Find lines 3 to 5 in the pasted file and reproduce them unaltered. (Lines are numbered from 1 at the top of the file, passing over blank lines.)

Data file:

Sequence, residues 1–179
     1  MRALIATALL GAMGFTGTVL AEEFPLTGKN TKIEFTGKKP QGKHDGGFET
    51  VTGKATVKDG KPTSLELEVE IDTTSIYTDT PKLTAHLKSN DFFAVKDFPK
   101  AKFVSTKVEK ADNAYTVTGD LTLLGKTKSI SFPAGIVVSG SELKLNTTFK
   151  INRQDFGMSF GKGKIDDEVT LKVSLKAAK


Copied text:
    51  VTGKATVKDG KPTSLELEVE IDTTSIYTDT PKLTAHLKSN DFFAVKDFPK
   101  AKFVSTKVEK ADNAYTVTGD LTLLGKTKSI SFPAGIVVSG SELKLNTTFK
   151  INRQDFGMSF GKGKIDDEVT LKVSLKAAK